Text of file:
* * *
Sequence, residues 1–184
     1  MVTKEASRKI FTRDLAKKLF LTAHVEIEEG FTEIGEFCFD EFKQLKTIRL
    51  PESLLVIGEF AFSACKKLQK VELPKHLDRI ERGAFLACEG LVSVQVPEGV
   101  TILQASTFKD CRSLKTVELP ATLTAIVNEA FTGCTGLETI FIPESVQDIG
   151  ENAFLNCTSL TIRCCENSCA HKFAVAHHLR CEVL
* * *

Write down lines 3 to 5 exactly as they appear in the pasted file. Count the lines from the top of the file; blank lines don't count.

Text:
    51  PESLLVIGEF AFSACKKLQK VELPKHLDRI ERGAFLACEG LVSVQVPEGV
   101  TILQASTFKD CRSLKTVELP ATLTAIVNEA FTGCTGLETI FIPESVQDIG
   151  ENAFLNCTSL TIRCCENSCA HKFAVAHHLR CEVL